- Use transitional words or phrases to connect parts of your argument (e.g., therefore, furthermore, nevertheless, consequently, however, similarly, by contrast, rather, instead, as a result, on the other hand, for example, etc.). These are SIGNPOSTS that help the reader follow the thread of your argument. Remember, these words can begin a sentence or can connect two independent clauses using the following punctuation: "Woolf's writing can be highly sarcastic and playful; however, in To The Lighthouse , the tone is somber and elegiac." Instead of "So" or "Also," use more formal phrases: "It is clear, then, that Marlow lies to himself on at least one occasion"; "This passage confirms that Marlow isn't honest with himself."
- Introduce the text you're writing about in the beginning of your essay by mentioning the author's full name and the complete title of the work. Titles of books should be underlined or put in italics . (Titles of stories, essays and poems are in "quotation marks.") Refer to the text specifically as a novel, story, essay, memoir, or poem, depending on what it is.
- In subsequent references to the author, use his or her last name. If the title is very long and you are making numerous references to it, you can refer to it by a shortened version. i.e., "A Perfect Day For Banana Fish" can become "Banana Fish."
- Don't begin by quoting the assignment sheet or indicating which topic you're writing about. Your essay should stand alone, quite independent of the assignment sheet.
- Don't begin with vast generalizations like "Within every human being there are unique thoughts and feelings that no other person has ever experienced before." Or, "Color symbolism is found in all great pieces of literature." These "from the dawn of time" statements point to a lack of focus or (public enemy number one) a vague thesis.
- In most cases, it's best to state your main idea - your thesis - in the first or second paragraph, so that your reader knows right away what it is that you're going to argue.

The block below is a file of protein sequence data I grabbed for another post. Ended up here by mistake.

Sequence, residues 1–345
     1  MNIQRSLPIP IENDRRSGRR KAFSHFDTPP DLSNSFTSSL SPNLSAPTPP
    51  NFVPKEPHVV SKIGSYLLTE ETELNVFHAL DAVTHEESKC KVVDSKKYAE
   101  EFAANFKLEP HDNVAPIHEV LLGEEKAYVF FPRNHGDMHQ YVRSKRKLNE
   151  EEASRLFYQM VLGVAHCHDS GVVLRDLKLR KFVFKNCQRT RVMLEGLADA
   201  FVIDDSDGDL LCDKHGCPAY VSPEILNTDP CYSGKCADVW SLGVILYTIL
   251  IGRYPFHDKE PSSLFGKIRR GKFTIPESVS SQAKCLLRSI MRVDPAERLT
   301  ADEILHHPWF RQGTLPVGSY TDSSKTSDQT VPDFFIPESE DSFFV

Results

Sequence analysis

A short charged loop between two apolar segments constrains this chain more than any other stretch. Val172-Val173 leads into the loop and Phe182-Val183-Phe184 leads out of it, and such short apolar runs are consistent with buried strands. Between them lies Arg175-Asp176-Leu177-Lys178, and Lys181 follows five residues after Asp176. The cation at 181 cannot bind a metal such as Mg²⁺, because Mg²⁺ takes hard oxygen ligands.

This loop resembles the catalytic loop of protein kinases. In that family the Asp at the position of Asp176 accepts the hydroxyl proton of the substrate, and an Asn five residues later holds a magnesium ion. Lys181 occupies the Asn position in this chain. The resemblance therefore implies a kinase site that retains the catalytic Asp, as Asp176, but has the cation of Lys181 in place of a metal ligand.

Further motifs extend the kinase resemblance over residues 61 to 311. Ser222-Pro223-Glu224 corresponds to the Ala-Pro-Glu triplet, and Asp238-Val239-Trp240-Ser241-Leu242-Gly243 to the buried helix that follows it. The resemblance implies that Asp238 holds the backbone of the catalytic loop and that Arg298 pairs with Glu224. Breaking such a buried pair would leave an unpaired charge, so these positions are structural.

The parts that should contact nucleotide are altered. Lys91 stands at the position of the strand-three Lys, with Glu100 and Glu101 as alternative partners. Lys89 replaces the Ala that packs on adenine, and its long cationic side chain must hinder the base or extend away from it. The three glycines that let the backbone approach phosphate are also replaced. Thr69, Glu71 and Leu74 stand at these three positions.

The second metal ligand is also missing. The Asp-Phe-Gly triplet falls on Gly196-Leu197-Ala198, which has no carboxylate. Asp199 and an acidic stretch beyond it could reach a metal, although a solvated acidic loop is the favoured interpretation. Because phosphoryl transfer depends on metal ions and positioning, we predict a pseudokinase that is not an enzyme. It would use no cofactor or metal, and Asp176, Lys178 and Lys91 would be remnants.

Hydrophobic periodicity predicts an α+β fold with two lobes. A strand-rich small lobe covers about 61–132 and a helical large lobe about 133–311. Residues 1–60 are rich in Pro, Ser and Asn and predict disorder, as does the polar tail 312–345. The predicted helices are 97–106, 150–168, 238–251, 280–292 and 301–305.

- Don't evaluate the quality of the writing ("Faulkner's use of symbolism, narration, word choice, and characterization made this a powerful novel."); analyze and interpret instead. You're not writing a review, where evaluation is appropriate; you're writing criticism (which isn't necessarily critical, but analytic). Avoid comments such as "I likedâ?¦" or "I was confused byâ?¦." Don't refer to your own process of investigation. Instead of writing "I couldn't find a beginning, climax, end in â??The Mark On The Wall,'" (which tells your readers about you instead of the text), you might write "'The Mark On The Wall' dispenses with the traditional beginning-climax-end story structure."
- Avoid plot summary at all costs !! It's sometimes hard to resist the desire to rehash a novel's plot. However, remember, in academic writing it is assumed that your audience is familiar with the text. Make sure you're writing an argument, not simply a plot summary.
- Evidence. Evidence. Evidence . It's fine to make a point, such as "the first memoir seems rambling and aimless, while the second is tightly structured." But then you must provide examples that support your points. Continue on with, "For example, in â??Reminiscences', Woolf discusses her mother in several places, sometimes repeating herself, sometimes contradicting her previous statements. Twice Woolf tells us that her motherâ?¦.."
- Determine what the text says. Don't read your own assumptions into the text, as in: "The speaker must be a man because women wouldn't act so insensitively." Instead, you might say, "The speaker seems to be male because the cursing and the news of the war was more likely the province of men during the early 20 th Century." Instead of a statement such as, "The author shows the pride Americans feel in their freedom," you can more accurately say, "The author is writing about Americans who are proud of their freedom."
- style – is it formal? journalistic? colloquial, stream of consciousness, etc.?
- voice – written in first, second or third person (and why)
- imagery – what metaphors and similes are used?
- tone – humorous, intimate, sarcastic, conversational, etc.?
- mood – melancholic, ecstatic, hyper, suspenseful?
- language – poetic? lyrical? scientific? pseudo-scientific?